The last time I browsed NetGalley, I saw this book and grabbed it up mostly because of the cover and description. I kept reading because DC Brod wrote an intelligent, odd little mystery with a sense of humor that is more than a run-of-the-mill whodunit. Instead, it’s a novel of relationships. Robyn’s mother wants them to buy a home together, while Robyn is trying to figure out whether her boyfriend is ok with her desire not to have children. Robyn knows what she wants, but voicing it isn’t always easy, even for such a strong-willed woman. The mystery is not an afterthought, however, and Robyn’s journalistic investigation reminded me how much fun books with good reporters in them can be. This is most definitely a series you want to keep an eye on.

Read this: if you aren’t a huge mystery lover but want to give one a try. For you mystery lovers: grab it. You won’t regret it.

P.S. Sorry for going MIA last week. I was out of town for work with no Internet connection. Plus, the end of the semester is always a bit harried, even without a trip out of town. Hope all is well in your worlds!

The Revisionists by Thomas Mullen

17th November 2011

*I read this book through Netgalley, courtesy of Mulholland Books, an imprint of Little, Brown.

Premise: Current time is somewheres about where we are now, and it is about to hit the fan and civilization will be semi-wiped out. Dude from future (which is perfect) is sent back in time to stop other dudes from future from messing with stuff, yo. Two different factions exist: one intent on leaving the end of modern civilization as it is and the other determined to avert disaster.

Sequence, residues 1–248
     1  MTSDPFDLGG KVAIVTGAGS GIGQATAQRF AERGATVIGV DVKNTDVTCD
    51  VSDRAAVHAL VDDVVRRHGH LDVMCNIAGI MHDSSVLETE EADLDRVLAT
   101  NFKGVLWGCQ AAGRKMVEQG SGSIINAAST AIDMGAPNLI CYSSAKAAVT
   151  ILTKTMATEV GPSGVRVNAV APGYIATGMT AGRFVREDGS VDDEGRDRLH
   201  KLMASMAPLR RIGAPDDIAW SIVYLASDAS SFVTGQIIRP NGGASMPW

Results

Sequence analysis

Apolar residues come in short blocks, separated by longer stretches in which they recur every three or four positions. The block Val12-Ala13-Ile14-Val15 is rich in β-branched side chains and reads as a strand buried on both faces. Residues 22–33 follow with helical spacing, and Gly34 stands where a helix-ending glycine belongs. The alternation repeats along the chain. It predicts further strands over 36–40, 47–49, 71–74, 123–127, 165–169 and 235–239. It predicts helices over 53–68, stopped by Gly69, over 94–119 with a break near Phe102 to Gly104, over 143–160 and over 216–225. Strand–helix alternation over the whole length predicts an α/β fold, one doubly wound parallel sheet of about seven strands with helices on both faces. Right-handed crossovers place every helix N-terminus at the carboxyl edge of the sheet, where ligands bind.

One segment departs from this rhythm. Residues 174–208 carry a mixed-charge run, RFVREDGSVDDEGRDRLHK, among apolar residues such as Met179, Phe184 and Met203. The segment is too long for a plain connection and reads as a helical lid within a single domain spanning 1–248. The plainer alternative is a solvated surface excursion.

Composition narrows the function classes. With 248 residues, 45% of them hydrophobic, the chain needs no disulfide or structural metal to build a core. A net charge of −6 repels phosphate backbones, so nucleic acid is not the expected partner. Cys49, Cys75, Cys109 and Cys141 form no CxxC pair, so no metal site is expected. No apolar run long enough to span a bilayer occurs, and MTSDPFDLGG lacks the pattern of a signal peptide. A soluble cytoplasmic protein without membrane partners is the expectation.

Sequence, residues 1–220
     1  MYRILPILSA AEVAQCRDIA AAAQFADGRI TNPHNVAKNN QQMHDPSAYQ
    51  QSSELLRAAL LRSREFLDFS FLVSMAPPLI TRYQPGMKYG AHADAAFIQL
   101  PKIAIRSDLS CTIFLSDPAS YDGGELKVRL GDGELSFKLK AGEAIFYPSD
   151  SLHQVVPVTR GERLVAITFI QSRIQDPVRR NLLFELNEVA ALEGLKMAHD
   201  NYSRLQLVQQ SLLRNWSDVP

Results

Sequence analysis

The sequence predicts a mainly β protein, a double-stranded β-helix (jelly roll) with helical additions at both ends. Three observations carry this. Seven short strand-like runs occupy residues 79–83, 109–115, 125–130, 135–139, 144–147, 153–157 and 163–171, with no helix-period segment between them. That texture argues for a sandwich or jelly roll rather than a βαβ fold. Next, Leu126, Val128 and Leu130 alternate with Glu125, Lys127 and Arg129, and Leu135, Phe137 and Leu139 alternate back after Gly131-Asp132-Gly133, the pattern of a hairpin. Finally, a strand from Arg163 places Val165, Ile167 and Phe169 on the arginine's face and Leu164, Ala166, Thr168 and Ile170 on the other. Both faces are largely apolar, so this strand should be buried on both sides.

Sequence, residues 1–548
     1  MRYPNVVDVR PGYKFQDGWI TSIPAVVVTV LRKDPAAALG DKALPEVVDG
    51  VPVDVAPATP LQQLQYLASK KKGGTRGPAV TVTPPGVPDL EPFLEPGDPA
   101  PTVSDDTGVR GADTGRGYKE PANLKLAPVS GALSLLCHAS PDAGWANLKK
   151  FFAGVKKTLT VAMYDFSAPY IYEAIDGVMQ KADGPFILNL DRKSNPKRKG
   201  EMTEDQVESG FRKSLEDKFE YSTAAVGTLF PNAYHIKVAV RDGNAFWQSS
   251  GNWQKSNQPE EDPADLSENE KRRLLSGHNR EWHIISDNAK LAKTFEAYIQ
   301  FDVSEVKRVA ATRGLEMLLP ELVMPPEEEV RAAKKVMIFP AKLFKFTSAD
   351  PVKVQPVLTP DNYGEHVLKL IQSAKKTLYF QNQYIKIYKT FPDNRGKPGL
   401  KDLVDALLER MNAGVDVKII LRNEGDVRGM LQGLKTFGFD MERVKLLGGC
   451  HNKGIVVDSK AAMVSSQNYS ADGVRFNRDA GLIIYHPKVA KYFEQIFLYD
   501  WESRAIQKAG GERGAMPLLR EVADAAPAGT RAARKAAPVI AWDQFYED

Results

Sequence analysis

I’m not big on time travel in books. It worked in Outlander. That’s about the extent of my time travel love. BUT. After I started The Revisionists, I would read a bit more and a bit more until I didn’t want to do anything else.

Which is why what I’m about to say will sound so strange:

I love the title. I love the cover. I did not love this book. I know it’s getting all sorts of crazy love out there, but I had the hardest time keeping track of the characters. There’s Zed who is from Present Perfect where everything is hunky dory, and the problems of the world have gone away in an ultra-controlled environ. Then there’s Leo, a spy, who for half of the book I thought was Zed because well, I just thought the characterization wasn’t great. There is also a whole host of other characters who play into the novel: Sari, a housekeeper for the Korean diplomat, Tasha, a young attorney whose brother was killed in war, as well as a young activist whose actions may lead to the end of the modern world.

Once I finally got into this book, as I said, I enjoyed it. Even so, the characterization and some of the plot twists felt rushed and ill conceived, so it wasn’t a total win for me.

This is a case, though, where almost everyone but me raves about this book. Maybe it just wasn’t for me? What do you think?

The Broken Teaglass by Emily Arsenault

18th October 2011

* I received an egalley of this book through NetGalley by the publisher Delacorte. Buy a copy from Indiebound.

Today in my ESL classes, we did an exercise using their vocabulary journals (when they run across a new word, they write it down to define it). They had to take ten words and write sentences using the words correctly. Then we hashed out the meanings and usages to correct any problems. One student used the word neglect, and as I wrote the different uses, I stopped to really look at the word. It’s suddenly looked strange and foreign to me. I’ve always done this. Some words, when you really look at them or think about them, are very odd, and The Broken Teaglass takes that strangeness to a whole new level.